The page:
The Sudirman Cup’s ‘free agents’

As always with a team event, there are several top players who end up attending without their regular partners.  In the 2017 edition of the Sudirman, we have injuries, retirements […]


As always with a team event, there are several top players who end up attending without their regular partners.  In the 2017 edition of the Sudirman, we have injuries, retirements and otherwise unexplained absences that have prevented successful – and in some cases top – pairs from appearing together.  The teams bringing along the uncommitted, remaining partners will be hoping to be able to capitalize on a lethal, surprise partnership.

In women’s doubles, Greysia Polii, Bao Yixin, and Jung Kyung Eun will all be on hand without their most established partners, while in mixed, Chan Peng Soon and Tontowi Ahmad’s partners are on the injured list and Kim Ha Na’s world #3 partner Ko Sung Hyun has retired, while his replacement Yoo Yeon Seong has also left the national squad after just three outings with Kim.

The scratch partnerships at the Sudirman do not involve quite the strategizing that they do in a men’s or women’s team event.  In the latter case, a scratch can take advantage of lower to pit a seasoned veteran against an inexperienced second doubles pair, sometimes by bringing a mixed specialist over to level doubles.  At the Sudirman, seeding is not an issue and a team can field whoever it wants – strong or weak – in each discipline.

The inexperience of a scratch pairing is often offset by such a duo’s unfamiliarity to an established pair, whose own playing style can be studied in advance by video analysis.  China, in particular, has seen such arrangements bear fruit in the past year.  Not only did Fu Haifeng and Zheng Siwei reach the Malaysia Open final in their first appearance this spring but last year, Chen Qingchen blazed to the youngster’s first Superseries title right here in Australia last summer and this same partnership – with Bao Yixin – is one of China’s many options for women’s doubles on the Gold Coast.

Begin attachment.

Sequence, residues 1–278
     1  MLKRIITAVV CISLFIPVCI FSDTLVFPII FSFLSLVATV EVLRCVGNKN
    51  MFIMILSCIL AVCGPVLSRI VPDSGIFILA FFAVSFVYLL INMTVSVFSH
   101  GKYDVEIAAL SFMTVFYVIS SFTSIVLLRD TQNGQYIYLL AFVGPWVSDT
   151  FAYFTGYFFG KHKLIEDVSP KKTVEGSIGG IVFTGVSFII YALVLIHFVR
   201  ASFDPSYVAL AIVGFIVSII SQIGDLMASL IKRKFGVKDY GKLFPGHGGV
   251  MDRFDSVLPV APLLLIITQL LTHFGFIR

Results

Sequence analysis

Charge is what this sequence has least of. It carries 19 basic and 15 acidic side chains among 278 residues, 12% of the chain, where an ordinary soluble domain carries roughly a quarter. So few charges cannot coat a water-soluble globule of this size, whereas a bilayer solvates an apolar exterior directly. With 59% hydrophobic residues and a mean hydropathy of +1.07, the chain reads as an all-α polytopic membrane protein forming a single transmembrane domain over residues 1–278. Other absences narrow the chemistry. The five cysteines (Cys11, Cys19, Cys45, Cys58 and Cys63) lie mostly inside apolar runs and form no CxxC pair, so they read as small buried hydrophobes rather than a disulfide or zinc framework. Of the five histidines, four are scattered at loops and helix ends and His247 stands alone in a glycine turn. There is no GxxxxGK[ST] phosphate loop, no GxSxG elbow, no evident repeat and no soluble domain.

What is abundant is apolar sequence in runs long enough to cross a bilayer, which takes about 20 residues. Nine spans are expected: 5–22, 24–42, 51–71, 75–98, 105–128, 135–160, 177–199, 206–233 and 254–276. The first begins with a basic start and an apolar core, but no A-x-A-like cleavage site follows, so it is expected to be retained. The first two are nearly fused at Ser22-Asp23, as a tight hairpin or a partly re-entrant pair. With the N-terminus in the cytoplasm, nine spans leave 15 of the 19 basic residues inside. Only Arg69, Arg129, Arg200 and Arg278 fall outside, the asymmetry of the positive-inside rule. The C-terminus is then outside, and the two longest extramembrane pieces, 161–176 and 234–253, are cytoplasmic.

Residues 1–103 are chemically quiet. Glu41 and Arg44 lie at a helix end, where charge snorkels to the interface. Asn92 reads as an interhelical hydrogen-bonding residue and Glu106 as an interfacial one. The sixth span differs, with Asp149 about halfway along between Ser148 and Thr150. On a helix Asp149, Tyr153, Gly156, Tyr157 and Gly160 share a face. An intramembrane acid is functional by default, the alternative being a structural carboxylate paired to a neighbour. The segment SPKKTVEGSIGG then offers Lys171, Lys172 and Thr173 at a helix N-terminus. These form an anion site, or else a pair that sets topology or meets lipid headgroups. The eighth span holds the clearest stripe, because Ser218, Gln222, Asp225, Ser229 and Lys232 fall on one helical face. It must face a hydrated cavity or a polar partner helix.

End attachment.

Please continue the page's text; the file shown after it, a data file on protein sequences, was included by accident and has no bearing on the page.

Korea’s Jung Kyung Eun did team up with her former partner Kim Ha Na in Jeju recently to beat one of Japan’s top pairs but in general, it seems unlikely that we’ll see mixed specialists cross over to level doubles or vice versa.  Kim partnered Choi Sol Gyu at the Asian Mixed Team Championships but did not end up with any huge upsets.  Chan Peng Soon has experience with Lai Pei Jing but they had such limited success that barring injury, one would expect the stable partnership of Lai with Tan Kian Meng to be the obvious choice.  As for Ahmad, asking him to rise to the occasion with fellow Malaysia Masters semi-finalist Widjaja seems like a sensible alternative but only in the case of Jordan/Susanto being out of commission.

The most likely ‘free agent’ to see extensive action is Greysia Polii.  Unlike the other five cases, Indonesian women’s doubles has been without a top ten pair since Polii’s former partner Maheswari left to seek surgery.  Polii briefly paired up with Putri Sari earlier this year and helped the 20-year-old to her first ever win over a top Chinese pair.

Click here to read Badzine’s full for the 2017
For the draws and team rosters, click here

Photos: Badmintonphoto

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Don Hearn

About Don Hearn

Don Hearn is an Editor and Correspondent who hails from a badminton-loving town in rural Canada. He joined the Badzine team in 2006 to provide coverage of the Korean badminton scene and is committed to helping Badzine to promote badminton to the place it deserves as a global sport. Contact him at: don @ badzine.net